Under Cover also offers counter-narratives to Leyendecker’s ideal of white, elite, and athletic male beauty, juxtaposing some of his paintings with artifacts, ephemera, and photographs that, for example, depict fashionable African American men during the Harlem Renaissance. Drawing from the National Museum of American Illustration’s extensive collection of Leyendecker materials, the exhibition features approximately 18 paintings as well as advertisements and magazine covers. Guest curated by Donald Albrecht and coordinated by Rebecca Klassen, curator of material culture at New-York Historical

Unidentified maker. Cradle, 1820-1830. Mahogany, brass. New-York Historical Society, Gift of Mrs. Willis Reese, 1978.68a-c

Women’s WorkJuly 2023  ̶  ongoing

What is “women’s work?” How have broad trends in American economic, legal, and political history encouraged women to take certain jobs and restricted them from “men’s work?” How have race, ethnicity, social class, legal status, sexual orientation, and gender presentation impacted these distinctions? In a new exhibition, the Center for Women’s History showcases approximately 45 objects from New-York Historical’s own Museum and Library collections to demonstrate how “women’s work” defies categorization. The items range from a 19th-century mahogany cradle to a 20th-century doctor’s dissection kit to a pinback button with the message “Shirley Chisholm for President.” The exhibition seeks to demonstrate that women’s work has been essential to American society and is inherently political: women’s work is everywhere. Curated by the Center for Women’s History curatorial staff and fellows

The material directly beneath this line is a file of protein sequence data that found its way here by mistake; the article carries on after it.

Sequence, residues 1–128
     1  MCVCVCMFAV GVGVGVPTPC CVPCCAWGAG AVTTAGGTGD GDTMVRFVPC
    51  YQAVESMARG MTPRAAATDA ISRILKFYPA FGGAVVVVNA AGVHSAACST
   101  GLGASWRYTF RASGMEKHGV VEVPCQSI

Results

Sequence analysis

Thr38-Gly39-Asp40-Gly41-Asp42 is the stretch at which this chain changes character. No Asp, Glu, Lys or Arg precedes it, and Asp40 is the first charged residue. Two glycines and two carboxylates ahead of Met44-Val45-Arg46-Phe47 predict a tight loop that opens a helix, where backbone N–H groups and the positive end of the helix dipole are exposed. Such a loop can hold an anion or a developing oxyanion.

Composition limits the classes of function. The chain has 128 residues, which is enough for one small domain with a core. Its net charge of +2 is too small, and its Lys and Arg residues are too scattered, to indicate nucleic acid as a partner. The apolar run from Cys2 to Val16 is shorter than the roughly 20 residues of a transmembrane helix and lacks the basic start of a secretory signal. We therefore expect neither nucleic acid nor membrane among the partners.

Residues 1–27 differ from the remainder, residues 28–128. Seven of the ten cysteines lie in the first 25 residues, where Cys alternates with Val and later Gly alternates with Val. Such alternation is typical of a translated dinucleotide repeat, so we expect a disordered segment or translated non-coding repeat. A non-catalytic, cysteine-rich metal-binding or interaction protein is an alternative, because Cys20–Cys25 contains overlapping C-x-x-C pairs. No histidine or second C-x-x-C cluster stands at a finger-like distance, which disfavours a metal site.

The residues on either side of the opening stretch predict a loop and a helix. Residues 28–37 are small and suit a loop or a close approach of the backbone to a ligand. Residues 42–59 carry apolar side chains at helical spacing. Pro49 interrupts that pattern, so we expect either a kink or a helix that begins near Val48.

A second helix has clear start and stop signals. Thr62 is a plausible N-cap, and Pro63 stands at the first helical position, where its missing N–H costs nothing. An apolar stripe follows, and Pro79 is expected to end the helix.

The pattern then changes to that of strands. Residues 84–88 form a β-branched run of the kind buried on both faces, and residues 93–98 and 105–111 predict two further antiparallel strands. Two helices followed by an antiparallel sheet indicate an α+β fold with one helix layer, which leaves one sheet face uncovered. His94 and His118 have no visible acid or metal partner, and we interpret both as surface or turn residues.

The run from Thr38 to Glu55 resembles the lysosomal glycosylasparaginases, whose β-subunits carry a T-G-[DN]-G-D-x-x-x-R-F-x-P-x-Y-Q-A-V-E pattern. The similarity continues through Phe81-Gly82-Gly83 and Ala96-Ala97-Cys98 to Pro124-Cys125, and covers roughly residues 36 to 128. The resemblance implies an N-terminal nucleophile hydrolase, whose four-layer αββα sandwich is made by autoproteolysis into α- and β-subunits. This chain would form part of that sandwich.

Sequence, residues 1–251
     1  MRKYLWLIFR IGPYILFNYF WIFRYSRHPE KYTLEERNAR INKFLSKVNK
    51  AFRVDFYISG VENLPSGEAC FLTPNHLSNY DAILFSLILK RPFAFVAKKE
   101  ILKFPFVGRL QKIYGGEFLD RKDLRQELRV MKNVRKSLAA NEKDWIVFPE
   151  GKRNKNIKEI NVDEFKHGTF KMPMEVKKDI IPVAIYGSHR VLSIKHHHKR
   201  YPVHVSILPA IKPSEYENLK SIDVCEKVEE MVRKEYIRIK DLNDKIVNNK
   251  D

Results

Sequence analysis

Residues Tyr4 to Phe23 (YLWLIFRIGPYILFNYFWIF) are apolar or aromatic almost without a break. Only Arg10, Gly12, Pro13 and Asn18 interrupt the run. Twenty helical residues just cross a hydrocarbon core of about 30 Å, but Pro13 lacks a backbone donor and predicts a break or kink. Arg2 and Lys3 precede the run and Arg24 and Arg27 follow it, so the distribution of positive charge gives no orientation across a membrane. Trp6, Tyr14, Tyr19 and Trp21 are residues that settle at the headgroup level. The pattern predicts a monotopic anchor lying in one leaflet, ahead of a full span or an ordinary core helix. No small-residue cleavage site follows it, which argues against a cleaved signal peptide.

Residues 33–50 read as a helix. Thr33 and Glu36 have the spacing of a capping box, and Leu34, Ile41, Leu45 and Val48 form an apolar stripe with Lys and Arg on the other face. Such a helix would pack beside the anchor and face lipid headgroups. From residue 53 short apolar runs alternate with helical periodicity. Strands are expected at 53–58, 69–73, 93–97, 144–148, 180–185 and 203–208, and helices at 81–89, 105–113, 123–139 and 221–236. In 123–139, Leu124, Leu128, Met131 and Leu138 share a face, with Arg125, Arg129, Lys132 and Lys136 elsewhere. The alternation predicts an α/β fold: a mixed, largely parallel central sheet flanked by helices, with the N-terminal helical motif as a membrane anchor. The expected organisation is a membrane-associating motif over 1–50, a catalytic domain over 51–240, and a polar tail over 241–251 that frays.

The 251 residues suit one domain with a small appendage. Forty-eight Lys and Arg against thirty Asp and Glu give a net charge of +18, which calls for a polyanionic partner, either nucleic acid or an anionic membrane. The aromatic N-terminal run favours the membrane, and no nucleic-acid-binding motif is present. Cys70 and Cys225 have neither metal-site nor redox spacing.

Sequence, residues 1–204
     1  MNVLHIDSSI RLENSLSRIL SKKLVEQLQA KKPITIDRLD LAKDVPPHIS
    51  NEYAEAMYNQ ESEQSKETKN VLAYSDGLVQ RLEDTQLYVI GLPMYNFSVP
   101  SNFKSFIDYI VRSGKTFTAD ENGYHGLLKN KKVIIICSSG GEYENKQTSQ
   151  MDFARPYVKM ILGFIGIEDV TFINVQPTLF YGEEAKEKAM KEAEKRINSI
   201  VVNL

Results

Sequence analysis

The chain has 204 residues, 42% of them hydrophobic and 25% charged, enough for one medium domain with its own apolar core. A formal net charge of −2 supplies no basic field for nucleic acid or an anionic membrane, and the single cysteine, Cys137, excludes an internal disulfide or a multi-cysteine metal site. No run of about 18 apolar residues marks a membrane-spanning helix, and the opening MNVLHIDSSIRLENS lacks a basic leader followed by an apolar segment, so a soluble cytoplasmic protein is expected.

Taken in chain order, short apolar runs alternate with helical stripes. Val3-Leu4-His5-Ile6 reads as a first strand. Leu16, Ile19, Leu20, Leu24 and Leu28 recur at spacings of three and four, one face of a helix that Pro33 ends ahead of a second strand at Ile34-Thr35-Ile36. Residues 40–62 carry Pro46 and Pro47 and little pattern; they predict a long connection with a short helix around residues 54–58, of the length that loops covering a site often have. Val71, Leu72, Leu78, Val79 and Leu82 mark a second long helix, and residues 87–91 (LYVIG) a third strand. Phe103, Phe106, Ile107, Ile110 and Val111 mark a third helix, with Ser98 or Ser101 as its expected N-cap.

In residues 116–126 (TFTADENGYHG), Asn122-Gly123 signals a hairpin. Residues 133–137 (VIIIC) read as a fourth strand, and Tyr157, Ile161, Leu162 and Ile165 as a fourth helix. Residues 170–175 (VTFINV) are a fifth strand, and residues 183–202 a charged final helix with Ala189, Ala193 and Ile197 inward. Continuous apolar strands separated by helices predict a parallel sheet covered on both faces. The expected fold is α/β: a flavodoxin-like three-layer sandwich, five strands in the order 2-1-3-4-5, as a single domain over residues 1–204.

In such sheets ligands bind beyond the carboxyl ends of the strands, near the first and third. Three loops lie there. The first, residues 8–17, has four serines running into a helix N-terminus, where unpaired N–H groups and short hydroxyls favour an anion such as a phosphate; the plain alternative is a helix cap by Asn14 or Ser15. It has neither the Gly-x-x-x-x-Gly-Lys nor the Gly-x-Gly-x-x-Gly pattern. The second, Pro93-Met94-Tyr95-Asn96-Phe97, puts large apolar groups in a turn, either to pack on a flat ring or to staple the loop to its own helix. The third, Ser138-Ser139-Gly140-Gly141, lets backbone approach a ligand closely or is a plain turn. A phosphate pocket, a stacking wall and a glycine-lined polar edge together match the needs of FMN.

Martin Wong (1946–1999), Canal Street, 1992. Acrylic on canvas. New-York Historical Society: Purchase, Watson Fund, 2000.6ab. Courtesy of the Martin Wong Foundation and P·P·O·W, New York

The Collection: New ConversationsAugust 2023  ̶  ongoingWhat new stories can familiar works of art tell? This exhibition reimagines New-York Historical’s permanent collections through novel groupings that seek to complicate the more established meanings of individual objects.

The pairing of Betye Saar’s Extreme Times Call for Extreme Heroines (2017) with Fred Pansing’s New York Harbor (ca. 1900) takes celebratory narratives of American seafaring and uncovers the  trauma of the transatlantic slave trade. Martin Wong’s Canal Street (1992) and Oscar yi Hou’s Far Eastsiders, aka: Cowgirl Mama A.B & Son Wukong (2021) establish a longstanding lineage for queer Asian diasporic artists in New York City. And the juxtaposition of Thomas Cole’s Course of Empire with works by Josephine Walters and the contemporary Shinnecock artist Courtney M. Leonard calls attention to the racial and gender politics of the Hudson River School landscape tradition. As a whole, the groupings aim to center long-marginalized experiences and prompt a rethinking of both American art and the way museums tell history. Curated by Wendy Nālani E. Ikemoto, senior curator of American art